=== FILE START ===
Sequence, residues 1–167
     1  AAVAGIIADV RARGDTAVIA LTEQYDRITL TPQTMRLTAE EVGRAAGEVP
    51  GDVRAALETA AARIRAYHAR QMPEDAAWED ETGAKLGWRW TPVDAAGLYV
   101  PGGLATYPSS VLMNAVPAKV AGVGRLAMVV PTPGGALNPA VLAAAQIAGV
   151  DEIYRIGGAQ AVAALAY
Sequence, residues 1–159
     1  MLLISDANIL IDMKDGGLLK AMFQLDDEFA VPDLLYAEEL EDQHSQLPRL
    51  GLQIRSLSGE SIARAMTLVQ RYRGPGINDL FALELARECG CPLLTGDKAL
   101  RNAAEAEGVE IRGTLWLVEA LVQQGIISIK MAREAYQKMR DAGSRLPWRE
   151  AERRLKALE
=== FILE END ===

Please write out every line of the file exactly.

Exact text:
Sequence, residues 1–167
     1  AAVAGIIADV RARGDTAVIA LTEQYDRITL TPQTMRLTAE EVGRAAGEVP
    51  GDVRAALETA AARIRAYHAR QMPEDAAWED ETGAKLGWRW TPVDAAGLYV
   101  PGGLATYPSS VLMNAVPAKV AGVGRLAMVV PTPGGALNPA VLAAAQIAGV
   151  DEIYRIGGAQ AVAALAY
Sequence, residues 1–159
     1  MLLISDANIL IDMKDGGLLK AMFQLDDEFA VPDLLYAEEL EDQHSQLPRL
    51  GLQIRSLSGE SIARAMTLVQ RYRGPGINDL FALELARECG CPLLTGDKAL
   101  RNAAEAEGVE IRGTLWLVEA LVQQGIISIK MAREAYQKMR DAGSRLPWRE
   151  AERRLKALE